What has been
your worst experience
with the law?
I don’t like to work negative. I try my best to avoid “worst” posts. I’m all about the positives and maybe someday in the future I’ll do one about really positive experiences with law enforcement, but now isn’t the time for that. As you know, yesterday afternoon the second in a serious of shocking non-indictments occurred when it was announced that a grand jury had decided that Staten Island Officer Daniel Pantaleo would not go to trial for the death of Eric Garner, despite the fact that the father of six’s death had been ruled a homicide by the coroner and his murder had been captured on video, showing–without any doubt–that Mr. Garner pleaded for his life as Officer Pantaleo kept the asthmatic man in an illegal choke hold.
To any reasonable observer it’s as open and shut as a case gets and–as we learned last week when a distressing similar scenario played out in Ferguson, Missouri–the grand jury system is such that it’s pretty much impossible for a prosecutor to NOT get an indictment unless they make a very specific effort to do so. It would appear that in both these cases the prosecutors actually did the work of the defence and made every effort to exonerate the officers under scrutiny, even though that is the exact opposite of their job.
So, it’s pretty easy to understand why so many people are very, very, very upset right now. While the Mike Brown case was one with multiple narratives that contradicted each other, the Eric Garner is one that allows for no ambiguity. It’s there on video for all of us to see. The only way to misinterpret it and choose to see Officer Pantaleo as anything but a violent aggressor is if you are so twisted by your own fear (and bigotry) that you are incapable of accepting any act of violence perpetrated by a police officer as unjust.
But sadly there are many, many, many people like this out there. People who are celebrating the grand jury’s decision in this matter as a victory for a system they innately understand exists to prop up a status quo without which they would be lost. The truth is that these people cannot be convinced that they are on the wrong side of this issue. They are too invested in what is to ever seriously consider what should be. They don’t want a fair system, because the current one gives them the advantage.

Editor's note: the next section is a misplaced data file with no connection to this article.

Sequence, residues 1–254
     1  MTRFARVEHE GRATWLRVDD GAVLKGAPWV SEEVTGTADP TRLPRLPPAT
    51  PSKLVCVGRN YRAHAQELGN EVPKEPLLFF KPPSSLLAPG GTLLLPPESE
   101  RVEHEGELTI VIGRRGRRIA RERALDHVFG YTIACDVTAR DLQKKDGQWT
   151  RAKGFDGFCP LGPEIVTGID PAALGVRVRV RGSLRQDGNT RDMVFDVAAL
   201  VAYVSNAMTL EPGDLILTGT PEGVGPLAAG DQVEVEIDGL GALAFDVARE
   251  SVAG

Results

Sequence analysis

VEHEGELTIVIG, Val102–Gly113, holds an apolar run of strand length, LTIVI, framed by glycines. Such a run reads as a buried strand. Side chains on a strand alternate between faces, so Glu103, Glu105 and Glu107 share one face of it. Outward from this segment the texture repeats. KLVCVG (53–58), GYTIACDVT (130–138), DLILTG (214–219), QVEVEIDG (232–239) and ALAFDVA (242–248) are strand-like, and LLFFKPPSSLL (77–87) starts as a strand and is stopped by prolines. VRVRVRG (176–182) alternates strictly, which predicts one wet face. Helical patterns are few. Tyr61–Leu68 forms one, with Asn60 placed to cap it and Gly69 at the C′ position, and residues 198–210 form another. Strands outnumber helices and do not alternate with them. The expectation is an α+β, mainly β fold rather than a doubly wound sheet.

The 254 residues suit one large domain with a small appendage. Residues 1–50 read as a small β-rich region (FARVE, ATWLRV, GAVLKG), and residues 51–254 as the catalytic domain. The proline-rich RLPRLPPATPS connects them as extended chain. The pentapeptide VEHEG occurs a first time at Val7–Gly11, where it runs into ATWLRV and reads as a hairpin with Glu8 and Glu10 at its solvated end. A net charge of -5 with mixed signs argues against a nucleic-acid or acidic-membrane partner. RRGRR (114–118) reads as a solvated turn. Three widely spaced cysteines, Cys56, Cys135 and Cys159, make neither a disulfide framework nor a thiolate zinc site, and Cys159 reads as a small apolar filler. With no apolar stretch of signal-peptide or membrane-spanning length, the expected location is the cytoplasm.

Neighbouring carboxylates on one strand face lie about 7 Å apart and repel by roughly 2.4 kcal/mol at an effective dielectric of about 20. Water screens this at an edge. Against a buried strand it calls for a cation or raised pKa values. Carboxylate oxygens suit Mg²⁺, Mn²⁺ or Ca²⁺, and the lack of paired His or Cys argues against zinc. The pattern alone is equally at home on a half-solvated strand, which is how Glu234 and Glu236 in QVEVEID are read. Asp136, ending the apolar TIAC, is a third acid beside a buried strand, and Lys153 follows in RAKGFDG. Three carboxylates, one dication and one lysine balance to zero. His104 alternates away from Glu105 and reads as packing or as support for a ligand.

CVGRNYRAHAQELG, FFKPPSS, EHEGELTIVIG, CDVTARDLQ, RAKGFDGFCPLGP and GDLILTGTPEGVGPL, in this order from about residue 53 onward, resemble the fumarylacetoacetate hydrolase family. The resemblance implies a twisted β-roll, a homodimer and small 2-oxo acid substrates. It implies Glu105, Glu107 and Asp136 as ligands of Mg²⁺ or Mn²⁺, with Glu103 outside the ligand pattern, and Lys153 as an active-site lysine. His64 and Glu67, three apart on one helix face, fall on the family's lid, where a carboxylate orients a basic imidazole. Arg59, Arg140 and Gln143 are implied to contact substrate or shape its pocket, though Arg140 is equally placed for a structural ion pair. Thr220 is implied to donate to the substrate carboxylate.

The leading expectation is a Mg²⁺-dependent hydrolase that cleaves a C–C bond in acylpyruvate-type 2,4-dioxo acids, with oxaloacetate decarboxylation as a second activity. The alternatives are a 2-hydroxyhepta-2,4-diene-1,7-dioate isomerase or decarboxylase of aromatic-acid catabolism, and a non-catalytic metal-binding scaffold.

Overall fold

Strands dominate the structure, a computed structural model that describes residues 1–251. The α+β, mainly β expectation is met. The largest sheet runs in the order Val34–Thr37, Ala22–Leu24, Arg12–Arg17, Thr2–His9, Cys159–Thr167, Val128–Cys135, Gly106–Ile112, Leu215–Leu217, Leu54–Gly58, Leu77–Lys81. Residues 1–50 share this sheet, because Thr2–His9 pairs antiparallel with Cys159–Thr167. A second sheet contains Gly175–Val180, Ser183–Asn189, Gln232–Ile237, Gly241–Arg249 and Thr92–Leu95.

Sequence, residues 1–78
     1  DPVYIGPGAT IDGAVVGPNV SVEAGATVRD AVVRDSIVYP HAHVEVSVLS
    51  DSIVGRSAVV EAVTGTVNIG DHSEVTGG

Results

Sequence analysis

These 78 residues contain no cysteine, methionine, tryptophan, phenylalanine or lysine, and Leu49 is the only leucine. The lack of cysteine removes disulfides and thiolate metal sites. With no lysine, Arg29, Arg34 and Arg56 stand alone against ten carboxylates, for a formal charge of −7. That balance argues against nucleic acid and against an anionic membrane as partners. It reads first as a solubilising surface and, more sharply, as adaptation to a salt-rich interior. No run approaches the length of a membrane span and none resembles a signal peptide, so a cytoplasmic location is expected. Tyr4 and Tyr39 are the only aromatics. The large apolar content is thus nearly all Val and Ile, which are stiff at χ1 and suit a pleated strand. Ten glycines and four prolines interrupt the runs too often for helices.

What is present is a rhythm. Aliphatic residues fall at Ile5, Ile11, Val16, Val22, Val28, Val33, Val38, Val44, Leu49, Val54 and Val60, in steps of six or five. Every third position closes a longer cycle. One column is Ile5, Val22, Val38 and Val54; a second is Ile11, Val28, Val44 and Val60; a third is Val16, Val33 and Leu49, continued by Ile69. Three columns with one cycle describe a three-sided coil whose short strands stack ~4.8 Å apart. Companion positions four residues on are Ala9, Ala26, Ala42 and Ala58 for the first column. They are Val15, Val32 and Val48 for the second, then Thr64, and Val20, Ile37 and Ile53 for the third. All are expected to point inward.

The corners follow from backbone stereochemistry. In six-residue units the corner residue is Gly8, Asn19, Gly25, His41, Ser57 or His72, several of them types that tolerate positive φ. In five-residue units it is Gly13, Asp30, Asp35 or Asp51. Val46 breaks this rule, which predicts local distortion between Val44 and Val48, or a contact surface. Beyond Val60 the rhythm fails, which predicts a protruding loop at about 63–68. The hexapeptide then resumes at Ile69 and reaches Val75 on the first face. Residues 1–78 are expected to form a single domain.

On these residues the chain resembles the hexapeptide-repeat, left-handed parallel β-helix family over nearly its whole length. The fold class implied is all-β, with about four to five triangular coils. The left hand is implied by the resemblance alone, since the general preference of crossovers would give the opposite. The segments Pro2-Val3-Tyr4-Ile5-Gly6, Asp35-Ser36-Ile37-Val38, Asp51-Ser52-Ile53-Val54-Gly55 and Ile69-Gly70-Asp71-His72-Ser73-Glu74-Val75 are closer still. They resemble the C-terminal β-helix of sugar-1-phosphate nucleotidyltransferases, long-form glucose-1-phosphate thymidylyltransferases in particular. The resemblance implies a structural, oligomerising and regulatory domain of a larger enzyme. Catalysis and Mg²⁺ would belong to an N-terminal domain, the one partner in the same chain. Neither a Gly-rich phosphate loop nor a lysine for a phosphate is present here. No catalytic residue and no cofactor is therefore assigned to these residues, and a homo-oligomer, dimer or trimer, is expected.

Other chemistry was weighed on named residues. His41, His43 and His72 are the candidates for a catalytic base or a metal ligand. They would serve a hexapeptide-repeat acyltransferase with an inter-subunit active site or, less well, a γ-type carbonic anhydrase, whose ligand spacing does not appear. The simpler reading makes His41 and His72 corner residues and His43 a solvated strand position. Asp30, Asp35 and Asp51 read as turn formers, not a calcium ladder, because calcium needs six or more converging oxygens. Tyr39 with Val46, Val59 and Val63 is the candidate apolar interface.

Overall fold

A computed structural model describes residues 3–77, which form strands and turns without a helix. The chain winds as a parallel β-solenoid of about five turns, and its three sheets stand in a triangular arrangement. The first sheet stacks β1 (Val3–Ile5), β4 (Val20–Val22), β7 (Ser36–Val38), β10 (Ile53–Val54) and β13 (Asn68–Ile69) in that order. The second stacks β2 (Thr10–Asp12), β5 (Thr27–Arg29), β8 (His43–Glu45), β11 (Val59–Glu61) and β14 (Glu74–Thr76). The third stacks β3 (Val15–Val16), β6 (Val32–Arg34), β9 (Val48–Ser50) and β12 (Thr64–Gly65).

Still, it helps to counteract their narrative with as many stories of injustice as we can dish out and that’s what this post is for. Tell us about your worst experiences with the law. Let’s make this personal.
Speaking personally, this is where my privilege strikes in. I’ve never been looked at twice by a police officer. I’ve never received a ticket. The only times I’ve ever even talked to a person in uniform was when I worked at a 24-hour cheque-cashing store and needed them to collect the drunk people who had passed out on our floor (which happened quite a lot).
Many of these incidents have blurred together in my memory, but I’ll never forget the one time two officers came in to pick up a man who was so drunk I was worried he might choke to death on his own vomit. What struck me about the encounter wasn’t that it was the only one that involved two female officers, but that they both approached the man like he was a threat–even though he literally couldn’t even stand up by himself.
There’s absolutely nothing wrong with an officer being defensive to protect themselves from potential harm, but watching the one officer who was taking charge, I couldn’t help but notice a certain self-satisfaction in the way she yelled at the man who was far more likely to throw up on her than throw a fist. I had seen examples of other officers who treated these drunks with dignity and respect, so I could appreciate the unnecessary anger and disgust with which this officer approached this man.
And the truth is I don’t know her story. She could have just come from a similar encounter with a man who did attempt to assault her or maybe something like that happened a week earlier and she still felt the rage the incident had inspired. But the fact is that this doesn’t excuse her behaviour. If we gave everyone a pass to be unnecessarily hostile and violent because of past incidents, there would be almost no one in prison right now.
The second worst incident was when a police dispatcher literally said, “What do you want us to do about it?” to me when I called after a man demolished our lobby, because I refused to cash his cheque after he ignored my request to stop harassing a woman who clearly did not want to talk to him. It sucked and made me feel helpless, but I could see his point. since I didn’t have the man’s name or any way for them to locate him. Even so, when the people who we want to turn to in these situations admit there’s nothing they can do, it’s the total opposite of comforting.
So that’s me. I’ve been incredibly lucky in this regard. And I know why. I’ve never been stopped for walking with my hands in my pockets. I’ve never been stopped period. I probably never will. Doesn’t quite seem fair to me.
Let’s talk about it.